A sign language interpreter will also be present.

WHERE: Home Depot Store, 3363 W. Century Boulevard, Inglewood

WHY: Survivability rates for sudden cardiac arrest are less than 8% nationwide and approximately 6% in Los Angeles County. Every two minutes, someone dies from sudden cardiac arrest. Survivability depends greatly on receiving immediate CPR. PulsePoint will provide immediate notification to those nearby who can provide chest compressions to double or triple a victim’s chance of survival. Learn CPR. Get the App. Save a Life.

VISUALS:

  • 40-foot PulsePoint promotional banner draped between two Los Angeles County Fire Department ladder trucks behind speaker area
  • A live, narrated demonstration of how PulsePoint works
  • Hands-Only CPR training booth featuring customized LACoFD CPR training kits
  • A Public Service Announcement video will be provided at the event (thumb drive)

Check-In, Refreshments:
A media check-in table will be provided.
Refreshments provided by Company 77 Pizza, courtesy of The Wireless Foundation.

We Thank Our Partners:
Special thanks to The Wireless Foundation, the PulsePoint Foundation, and Physio-Control for their generous partnership in launching this lifesaving app in Los Angeles County.

Press Conference Host:
Battalion Chief Anderson Mackey, LACoFD Public Affairs

Learn CPR.  Get the App.  Save a Life.

#PulsePointLA

Web: Social Media:
www.fire.lacounty.gov www.facebook.com/LACoFD
www.pulsepoint.org www.twitter.com/LAC0_FD
www.wirelessfoundation.org www.youtube.com/user/LosAngelesCountyFD
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San Diego Logo Trio

July 28, 2014 | by

San Diego County, City, Fire Partners Activate Life-saving CPR App

Technology Helps Citizens Become Heroes

NEWS RELEASE
FOR IMMEDIATE RELEASE
July 28, 2014
Contacts: County: Michele Clock 619-531-4506
City: Lee Swanson 619-533-3780

Every minute a victim of sudden cardiac arrest waits for CPR, their chance of survival drops by up to 10 percent.

After four to six minutes, brain damage begins to occur.

After 10 minutes, it’s often too late. Few resuscitation attempts succeed.

Now PulsePoint, an innovative new smartphone application, lets citizens trained in CPR know when their help is needed, allowing them to step in during those critical moments before a paramedic arrives. It is now available in the San Diego region, thanks to the County and a coalition of local agencies.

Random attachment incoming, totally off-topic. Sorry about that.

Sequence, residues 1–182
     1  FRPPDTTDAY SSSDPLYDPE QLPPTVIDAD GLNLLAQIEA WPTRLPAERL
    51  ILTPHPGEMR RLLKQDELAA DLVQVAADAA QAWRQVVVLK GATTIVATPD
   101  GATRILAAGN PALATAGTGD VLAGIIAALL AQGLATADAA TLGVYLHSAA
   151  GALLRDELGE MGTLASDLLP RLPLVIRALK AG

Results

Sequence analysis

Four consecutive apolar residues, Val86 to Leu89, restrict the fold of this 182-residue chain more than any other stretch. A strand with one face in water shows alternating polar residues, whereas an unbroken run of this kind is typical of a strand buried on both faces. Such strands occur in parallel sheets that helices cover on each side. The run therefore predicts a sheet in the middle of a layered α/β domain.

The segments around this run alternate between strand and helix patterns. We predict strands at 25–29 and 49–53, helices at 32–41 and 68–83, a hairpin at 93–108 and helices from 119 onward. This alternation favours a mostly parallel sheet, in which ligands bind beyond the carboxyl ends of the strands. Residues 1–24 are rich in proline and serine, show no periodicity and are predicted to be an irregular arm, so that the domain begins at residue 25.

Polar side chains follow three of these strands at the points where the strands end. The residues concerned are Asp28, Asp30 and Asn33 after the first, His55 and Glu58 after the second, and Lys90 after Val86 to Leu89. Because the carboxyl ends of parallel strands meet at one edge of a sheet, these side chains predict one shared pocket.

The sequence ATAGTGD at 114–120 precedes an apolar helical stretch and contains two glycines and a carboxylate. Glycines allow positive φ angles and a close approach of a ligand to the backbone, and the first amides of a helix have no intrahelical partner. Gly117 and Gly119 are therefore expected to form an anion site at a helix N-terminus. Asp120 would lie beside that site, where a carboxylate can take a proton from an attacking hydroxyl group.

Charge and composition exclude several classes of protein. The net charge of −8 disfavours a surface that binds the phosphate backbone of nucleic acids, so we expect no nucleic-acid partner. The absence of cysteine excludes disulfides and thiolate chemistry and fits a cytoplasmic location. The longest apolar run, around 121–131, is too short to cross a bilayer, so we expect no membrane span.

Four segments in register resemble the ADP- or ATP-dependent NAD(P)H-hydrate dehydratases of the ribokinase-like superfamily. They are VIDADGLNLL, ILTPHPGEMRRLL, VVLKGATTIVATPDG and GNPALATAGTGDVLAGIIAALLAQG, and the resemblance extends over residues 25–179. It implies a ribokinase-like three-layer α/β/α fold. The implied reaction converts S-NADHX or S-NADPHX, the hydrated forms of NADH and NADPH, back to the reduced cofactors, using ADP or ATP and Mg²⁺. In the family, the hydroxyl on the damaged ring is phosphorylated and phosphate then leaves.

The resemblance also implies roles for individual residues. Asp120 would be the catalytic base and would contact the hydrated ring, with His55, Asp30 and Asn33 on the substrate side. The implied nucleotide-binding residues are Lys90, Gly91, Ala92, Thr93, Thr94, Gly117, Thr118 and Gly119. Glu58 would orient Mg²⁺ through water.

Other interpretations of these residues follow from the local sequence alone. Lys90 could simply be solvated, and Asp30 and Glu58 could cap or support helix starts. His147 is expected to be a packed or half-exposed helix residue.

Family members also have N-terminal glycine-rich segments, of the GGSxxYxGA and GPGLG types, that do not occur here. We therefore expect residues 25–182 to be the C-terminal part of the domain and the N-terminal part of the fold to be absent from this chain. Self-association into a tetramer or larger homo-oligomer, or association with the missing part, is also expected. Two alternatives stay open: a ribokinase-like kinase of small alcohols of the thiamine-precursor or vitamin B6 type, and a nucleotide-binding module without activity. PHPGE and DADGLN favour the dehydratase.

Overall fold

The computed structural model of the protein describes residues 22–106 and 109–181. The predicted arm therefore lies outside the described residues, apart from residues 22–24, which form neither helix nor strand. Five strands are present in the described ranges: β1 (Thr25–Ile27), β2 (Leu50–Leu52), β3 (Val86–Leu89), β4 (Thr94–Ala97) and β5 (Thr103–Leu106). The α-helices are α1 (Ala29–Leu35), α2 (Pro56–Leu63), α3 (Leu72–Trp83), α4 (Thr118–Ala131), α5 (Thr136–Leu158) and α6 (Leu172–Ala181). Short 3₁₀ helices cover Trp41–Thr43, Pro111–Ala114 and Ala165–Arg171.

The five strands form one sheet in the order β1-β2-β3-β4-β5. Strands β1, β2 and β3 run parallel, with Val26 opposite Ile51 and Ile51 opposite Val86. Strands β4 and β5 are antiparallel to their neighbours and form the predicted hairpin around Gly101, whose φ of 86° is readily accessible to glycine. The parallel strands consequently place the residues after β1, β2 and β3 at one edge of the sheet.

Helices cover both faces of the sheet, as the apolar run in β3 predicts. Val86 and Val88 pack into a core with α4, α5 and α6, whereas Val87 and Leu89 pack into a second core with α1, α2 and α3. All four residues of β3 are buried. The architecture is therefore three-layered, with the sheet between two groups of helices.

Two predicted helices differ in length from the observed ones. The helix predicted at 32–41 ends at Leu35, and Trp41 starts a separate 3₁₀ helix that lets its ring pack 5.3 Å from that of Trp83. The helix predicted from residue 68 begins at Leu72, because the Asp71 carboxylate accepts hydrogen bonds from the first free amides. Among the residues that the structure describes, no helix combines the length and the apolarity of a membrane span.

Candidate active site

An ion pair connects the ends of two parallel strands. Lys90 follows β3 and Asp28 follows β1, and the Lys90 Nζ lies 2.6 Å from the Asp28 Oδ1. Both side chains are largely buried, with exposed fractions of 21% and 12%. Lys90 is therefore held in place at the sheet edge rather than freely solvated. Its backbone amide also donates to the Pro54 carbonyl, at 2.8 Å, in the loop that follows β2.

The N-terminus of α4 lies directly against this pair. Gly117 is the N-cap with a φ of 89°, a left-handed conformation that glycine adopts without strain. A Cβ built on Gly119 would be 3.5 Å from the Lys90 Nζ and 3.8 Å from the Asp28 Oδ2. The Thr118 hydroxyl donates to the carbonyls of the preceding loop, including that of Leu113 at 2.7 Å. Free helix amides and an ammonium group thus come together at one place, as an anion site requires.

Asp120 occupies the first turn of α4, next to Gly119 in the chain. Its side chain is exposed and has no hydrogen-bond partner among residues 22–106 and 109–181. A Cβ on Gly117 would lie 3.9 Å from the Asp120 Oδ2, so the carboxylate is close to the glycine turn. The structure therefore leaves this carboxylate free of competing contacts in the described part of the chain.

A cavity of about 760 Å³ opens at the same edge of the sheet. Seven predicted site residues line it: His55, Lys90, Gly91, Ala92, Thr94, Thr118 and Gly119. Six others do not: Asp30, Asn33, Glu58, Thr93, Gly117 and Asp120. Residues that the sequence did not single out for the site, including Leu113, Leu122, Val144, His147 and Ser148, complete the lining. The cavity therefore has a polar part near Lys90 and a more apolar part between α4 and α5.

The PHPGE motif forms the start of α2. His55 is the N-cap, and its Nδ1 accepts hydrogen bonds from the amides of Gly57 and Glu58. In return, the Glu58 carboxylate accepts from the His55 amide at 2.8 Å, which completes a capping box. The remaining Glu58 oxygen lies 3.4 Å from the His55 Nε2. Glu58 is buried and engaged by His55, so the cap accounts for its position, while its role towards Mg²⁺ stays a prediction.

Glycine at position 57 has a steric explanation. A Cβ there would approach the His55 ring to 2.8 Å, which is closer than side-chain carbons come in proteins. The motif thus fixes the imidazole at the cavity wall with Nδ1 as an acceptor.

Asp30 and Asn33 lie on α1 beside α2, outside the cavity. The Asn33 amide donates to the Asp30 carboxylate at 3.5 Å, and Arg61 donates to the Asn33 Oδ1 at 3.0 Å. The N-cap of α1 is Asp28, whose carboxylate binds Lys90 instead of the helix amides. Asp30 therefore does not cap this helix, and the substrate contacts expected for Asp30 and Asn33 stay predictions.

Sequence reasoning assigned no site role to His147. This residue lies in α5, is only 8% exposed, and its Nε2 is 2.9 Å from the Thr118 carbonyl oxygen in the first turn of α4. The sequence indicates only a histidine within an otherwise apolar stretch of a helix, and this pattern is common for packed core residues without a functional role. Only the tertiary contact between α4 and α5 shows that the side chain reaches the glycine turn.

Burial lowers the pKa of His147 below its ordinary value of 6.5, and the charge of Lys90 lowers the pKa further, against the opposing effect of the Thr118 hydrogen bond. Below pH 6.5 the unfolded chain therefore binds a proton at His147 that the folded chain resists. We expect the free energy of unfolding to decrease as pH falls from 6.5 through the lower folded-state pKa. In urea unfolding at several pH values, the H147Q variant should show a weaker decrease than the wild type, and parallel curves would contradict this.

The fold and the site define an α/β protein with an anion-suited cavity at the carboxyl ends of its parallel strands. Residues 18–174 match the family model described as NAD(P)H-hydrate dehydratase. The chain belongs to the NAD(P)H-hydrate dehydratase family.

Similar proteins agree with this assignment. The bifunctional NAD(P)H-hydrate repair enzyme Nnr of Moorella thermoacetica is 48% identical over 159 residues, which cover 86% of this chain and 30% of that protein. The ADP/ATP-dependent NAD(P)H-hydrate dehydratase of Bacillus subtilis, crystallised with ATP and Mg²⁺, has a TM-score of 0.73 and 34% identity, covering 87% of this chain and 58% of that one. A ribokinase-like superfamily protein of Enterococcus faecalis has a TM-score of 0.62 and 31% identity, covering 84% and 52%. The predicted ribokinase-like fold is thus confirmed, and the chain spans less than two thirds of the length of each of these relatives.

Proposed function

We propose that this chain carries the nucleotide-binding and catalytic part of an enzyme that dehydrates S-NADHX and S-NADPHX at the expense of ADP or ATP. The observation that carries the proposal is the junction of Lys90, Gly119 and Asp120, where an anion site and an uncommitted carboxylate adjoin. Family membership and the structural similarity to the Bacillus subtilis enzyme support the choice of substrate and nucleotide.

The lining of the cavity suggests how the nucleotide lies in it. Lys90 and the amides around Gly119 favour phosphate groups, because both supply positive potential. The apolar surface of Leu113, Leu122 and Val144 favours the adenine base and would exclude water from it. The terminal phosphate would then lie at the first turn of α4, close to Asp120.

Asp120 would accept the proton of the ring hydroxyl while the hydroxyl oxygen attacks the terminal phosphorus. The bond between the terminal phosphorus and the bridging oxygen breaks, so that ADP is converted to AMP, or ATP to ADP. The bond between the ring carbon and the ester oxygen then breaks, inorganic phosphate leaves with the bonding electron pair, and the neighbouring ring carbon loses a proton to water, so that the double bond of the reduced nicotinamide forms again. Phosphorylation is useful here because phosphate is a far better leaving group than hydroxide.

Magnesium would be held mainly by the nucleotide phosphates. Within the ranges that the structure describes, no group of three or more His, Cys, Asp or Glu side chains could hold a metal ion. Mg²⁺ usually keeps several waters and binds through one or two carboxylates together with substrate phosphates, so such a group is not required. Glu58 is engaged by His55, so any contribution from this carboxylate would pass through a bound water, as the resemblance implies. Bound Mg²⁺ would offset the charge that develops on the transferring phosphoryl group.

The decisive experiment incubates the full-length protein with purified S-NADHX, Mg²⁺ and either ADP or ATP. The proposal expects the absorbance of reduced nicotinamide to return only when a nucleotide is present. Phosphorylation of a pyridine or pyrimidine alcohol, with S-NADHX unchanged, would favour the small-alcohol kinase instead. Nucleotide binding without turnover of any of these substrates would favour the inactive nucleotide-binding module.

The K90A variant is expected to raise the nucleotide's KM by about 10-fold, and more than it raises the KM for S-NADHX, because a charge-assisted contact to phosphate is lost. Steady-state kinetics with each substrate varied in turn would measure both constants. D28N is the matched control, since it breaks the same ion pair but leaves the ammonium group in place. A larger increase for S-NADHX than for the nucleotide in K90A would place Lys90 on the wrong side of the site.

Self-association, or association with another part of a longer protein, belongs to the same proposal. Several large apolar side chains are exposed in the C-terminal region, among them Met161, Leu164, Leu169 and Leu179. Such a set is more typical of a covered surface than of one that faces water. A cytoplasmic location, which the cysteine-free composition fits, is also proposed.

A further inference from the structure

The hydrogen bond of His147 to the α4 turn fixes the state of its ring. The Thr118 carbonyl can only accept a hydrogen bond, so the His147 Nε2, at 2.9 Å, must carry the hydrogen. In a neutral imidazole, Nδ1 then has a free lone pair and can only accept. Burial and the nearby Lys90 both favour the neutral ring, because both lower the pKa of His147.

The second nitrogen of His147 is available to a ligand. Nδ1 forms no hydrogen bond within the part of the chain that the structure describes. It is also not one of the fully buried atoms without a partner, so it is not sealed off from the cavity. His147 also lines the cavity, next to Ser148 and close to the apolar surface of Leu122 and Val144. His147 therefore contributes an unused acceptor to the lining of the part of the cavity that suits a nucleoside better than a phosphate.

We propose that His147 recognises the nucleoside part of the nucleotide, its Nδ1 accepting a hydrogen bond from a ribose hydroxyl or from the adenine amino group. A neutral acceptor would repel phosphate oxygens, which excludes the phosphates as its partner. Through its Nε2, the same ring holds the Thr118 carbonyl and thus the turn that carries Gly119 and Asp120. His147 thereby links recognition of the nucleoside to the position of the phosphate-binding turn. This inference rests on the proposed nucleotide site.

County Supervisors Ron Roberts and Bill Horn, San Diego Mayor Kevin L. Faulconer, San Diego County Fire Chiefs’ Association President Dave Hanneman and other local fire and government officials on Monday announced the arrival of the cutting-edge technology at a news conference at San Diego Fire-Rescue Department’s Fire Station 1.

“Sudden cardiac arrest is a leading cause of death in our country, and just 8 percent of those who experience it survive,” Supervisor Ron Roberts said. “We can do better. This app can help us change these grim statistics.”

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The region is one of the largest in the U.S. to launch the app, which was developed by the Pleasanton, California-based nonprofit PulsePoint Foundation and distributed by Redmond, Washington-based emergency medical device company Physio-Control, Inc. San Diego joins the more than 500 localities around the nation that have begun using the app. Also available on Monday is compression-only CPR training from local ambulance providers Rural/Metro and American Medical Response.

“San Diego is again on health care’s leading edge by adopting this technology,” said Mayor Kevin L. Faulconer. “It is going to allow us as citizens to help one another in previously unimaginable ways. But it’s up to us to get trained, download this tool and use it.”

Mayor Kevin Faulconer

“Most of us have a friend or loved one who has suffered with a heart condition,” said Supervisor Bill Horn. “Sudden cardiac arrest can happen to one of those individuals, or out of the blue to any of us, at any time. You never know who or when you may be in the right place at the right time to help someone, thanks to this app.”